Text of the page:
Alan Hubbard: Indian Olympic boycott rumours were nothing but a storm in a teacup
Monday, 28 November 2011
Which is why I suspect there were more than few sharp intakes of breath in London and Lausanne when it was reported by the BBC and subsequently as a front page "Games in crisis" splash by the Independent, that India might opt out of 2012 over Dow Chemical's funding of part of the new Olympic Stadium.
The scare story didn't last long, knocked on the head by the Indian Olympic Association (IOA). There was to be no Indian stay-away. It was all a storm in a cup of Darjeeling.
Phew! Sighs of relief all round. The last thing London needs is a walk-out that would spoil the Stratford parade, particularly by a Commonwealth nation. Though you can be sure it won't be the last "Games in crisis" headline to catch the eye in the coming months.
As the countdown to July 27 2012 quickens it becomes open season for scaremongering. It was ever thus.
Virtually every Olympics in recent history has been dogged by dire warnings of a pending disaster of one sort or another. I recall the late Chris Brasher hand-wringing over Mexico City's high altitude risks in 1968 and declaring: "Someone will die." No-one did.
And no-one will boycott London. Unless we have invaded Iran by then.
In any case, boycotts don't work. They didn't in Moscow in 1980 nor in Los Angeles four years later. Some athletes may miss out on the bandwagon driven by politicians, but the Games show rolls on regardless.
So what do we make of the so-called "threat" from the sub-continent.
Apparently it stemmed from some political agitation among some past and present athletes – mainly hockey players – who are angered that Dow now own Union Carbide, the company responsible for the Bhopal chemical disaster in the state of Madhya Pradesh which cost many thousands of lives in 1984.
However, the acting president of the IOA, Vijay Kumar Malhotra - former chief Suresh Kalmadi is otherwise engaged fighting corruption charges relating to 2010 Commonwealth Games contracts - has given assurances that there will be a boycott, although, he says, the protests have been noted and will be discussed at their meeting on Monday.
While a boycott was always unlikely to be endorsed by the IOA the issue was –and surely remains – embarrassing for London 2012 chief Lord Coe who endorsed the £7 million ($11 million/€8 million) deal for subsidising the "wrap" around the stadium roof and has Indian ancestry through his maternal grandmother.
The International Olympic Committee (IOC) have no choice but to back London as they have a highly lucrative sponsorship with Dow themselves. But here the Government are concerned that matter is resolved quickly to avert any diplomatic tiff with India.
As the Sport and Olympics Minister Hugh Robertson points out: "We understand the sensitivity but Dow acquired Union Carbide a decade after the disaster and their products are in daily use all over London."
And in the Olympics. fixtures and fittings courtesy of Dow's deep coffers include elements of the newly-opened Westfield Shopping complex in Stratford and the flooring of the ExCeL Centre, which will stage a fistful of Olympic events, including boxing, taekwondo and weightlifting, and several Paralympic sports.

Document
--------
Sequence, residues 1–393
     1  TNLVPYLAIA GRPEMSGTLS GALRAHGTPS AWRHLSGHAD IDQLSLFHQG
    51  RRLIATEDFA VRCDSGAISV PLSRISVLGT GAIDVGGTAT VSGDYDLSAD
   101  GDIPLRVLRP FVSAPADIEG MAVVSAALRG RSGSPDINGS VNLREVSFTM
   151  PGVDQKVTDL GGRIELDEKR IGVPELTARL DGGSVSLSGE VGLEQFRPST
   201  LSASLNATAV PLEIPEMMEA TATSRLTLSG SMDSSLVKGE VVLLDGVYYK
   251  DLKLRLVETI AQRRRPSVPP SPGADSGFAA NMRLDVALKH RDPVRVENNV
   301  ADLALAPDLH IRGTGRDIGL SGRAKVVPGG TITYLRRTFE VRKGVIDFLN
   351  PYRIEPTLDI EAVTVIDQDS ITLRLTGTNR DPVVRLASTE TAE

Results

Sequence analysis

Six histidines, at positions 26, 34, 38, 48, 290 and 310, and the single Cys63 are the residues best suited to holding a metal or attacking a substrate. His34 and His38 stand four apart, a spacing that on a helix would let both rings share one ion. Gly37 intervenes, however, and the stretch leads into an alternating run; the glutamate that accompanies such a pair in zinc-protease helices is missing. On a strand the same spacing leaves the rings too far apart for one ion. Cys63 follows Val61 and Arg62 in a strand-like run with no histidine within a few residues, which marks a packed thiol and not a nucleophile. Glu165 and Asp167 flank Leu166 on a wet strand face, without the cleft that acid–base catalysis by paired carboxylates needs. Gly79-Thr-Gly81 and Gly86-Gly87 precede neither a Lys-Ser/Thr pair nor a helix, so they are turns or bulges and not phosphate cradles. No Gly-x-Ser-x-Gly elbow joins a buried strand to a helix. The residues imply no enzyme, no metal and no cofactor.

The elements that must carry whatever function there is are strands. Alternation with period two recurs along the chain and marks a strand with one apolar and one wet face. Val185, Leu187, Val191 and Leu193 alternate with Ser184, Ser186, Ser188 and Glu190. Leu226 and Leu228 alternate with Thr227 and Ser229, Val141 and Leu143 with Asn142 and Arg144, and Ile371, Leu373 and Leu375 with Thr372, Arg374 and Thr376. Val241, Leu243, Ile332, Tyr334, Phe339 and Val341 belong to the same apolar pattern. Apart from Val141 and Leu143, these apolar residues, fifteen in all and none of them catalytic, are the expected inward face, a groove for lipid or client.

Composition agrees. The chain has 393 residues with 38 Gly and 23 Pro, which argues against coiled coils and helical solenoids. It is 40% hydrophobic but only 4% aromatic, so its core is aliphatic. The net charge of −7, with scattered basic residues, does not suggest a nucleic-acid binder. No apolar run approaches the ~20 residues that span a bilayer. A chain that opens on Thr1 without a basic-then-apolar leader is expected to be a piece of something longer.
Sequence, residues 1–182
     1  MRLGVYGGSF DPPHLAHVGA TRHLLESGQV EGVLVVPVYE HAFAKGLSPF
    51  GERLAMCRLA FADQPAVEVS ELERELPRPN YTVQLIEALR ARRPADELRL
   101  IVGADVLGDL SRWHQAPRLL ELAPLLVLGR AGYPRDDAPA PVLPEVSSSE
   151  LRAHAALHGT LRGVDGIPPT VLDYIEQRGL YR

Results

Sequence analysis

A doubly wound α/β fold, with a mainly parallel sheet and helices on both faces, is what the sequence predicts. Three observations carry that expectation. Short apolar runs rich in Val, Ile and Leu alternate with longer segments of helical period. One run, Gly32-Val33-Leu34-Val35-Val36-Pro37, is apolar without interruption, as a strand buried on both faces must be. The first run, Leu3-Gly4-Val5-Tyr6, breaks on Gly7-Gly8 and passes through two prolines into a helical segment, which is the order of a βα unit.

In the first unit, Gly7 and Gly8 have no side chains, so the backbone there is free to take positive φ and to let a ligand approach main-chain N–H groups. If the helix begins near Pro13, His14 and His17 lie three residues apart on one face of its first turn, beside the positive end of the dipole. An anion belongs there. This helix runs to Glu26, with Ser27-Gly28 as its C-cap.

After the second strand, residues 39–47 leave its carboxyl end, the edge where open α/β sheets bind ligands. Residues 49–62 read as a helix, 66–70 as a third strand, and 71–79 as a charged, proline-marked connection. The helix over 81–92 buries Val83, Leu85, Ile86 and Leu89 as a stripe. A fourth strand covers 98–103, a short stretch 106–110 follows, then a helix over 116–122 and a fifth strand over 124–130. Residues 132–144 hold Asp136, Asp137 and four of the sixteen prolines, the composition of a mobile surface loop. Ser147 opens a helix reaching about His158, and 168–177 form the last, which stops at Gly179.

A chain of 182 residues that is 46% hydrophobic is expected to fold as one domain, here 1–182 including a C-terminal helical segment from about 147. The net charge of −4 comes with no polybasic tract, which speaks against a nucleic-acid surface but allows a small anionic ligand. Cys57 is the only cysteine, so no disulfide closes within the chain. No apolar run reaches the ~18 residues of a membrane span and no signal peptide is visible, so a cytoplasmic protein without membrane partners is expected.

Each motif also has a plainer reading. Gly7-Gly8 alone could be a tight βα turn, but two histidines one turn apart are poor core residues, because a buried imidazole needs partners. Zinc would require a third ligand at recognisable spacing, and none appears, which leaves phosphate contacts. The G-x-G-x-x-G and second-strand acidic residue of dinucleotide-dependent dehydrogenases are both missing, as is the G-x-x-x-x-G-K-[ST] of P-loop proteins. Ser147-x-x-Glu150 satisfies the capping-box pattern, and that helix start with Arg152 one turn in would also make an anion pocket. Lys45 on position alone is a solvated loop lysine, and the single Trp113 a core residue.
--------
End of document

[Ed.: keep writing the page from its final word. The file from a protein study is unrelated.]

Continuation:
Which makes it rather odd that hardly a peep has been raised about Dow's involvement until now.
The Dow endowment is certainly an emotive issue, and apparently one about which the Shadow Olympics Minister Tessa Jowell feels strongly enough to suggest that London 2012 – on whose board she sits – should now cancel the deal, arguing the controversy irreparably damages the standing of the Games. "There is a point when you have to say you cannot take the reputational risk."
It is the first time that Jowell has come close to rocking the 2012 boat in her capacity as the Opposition representative on the London 2012 board. Hitherto she has been unequivocally supportive, both as Olympics Minister in the Labour administration and now in her shadow role.
Indeed, her contribution to London bidding for, and getting the Games, has been immense, and invaluable. Her acquired enthusiasm for the Olympics is contagious, and, unlike some others at Westminster, quite genuine.
Which is why I seriously doubt that her intervention is politically motivated by her party wanting to make its presence felt more strongly the Olympics scene, or a piece of timely personal muscle-flexing now that Harriet Harman has been installed by Ed Miliband as the governess at the Department of Culture, Media and Sport and thus nominally has voice on Olympics matters.
Yet all London 2012 board members must have known of, and surely, approved, the financial arrangements with Dow when it was made.
It would be no surprise if the outcome of the IOA meeting on Monday is a polite formal request from India for London 2012 to reconsider the situation.
In the circumstances, maybe they should, if only as the Dow's contentious adornment to the Stadium arguably is an unnecessary piece of cosmetics anyway. At least that would wrap the whole thing up.
Alan Hubbard is an award-winning sports columnist for The Independent on Sunday, and a former sports editor of The Observer. He has covered a total of 16 Summer and Winter Olympics, 10 Commonwealth Games, several football World Cups and world title fights from Atlanta to Zaire.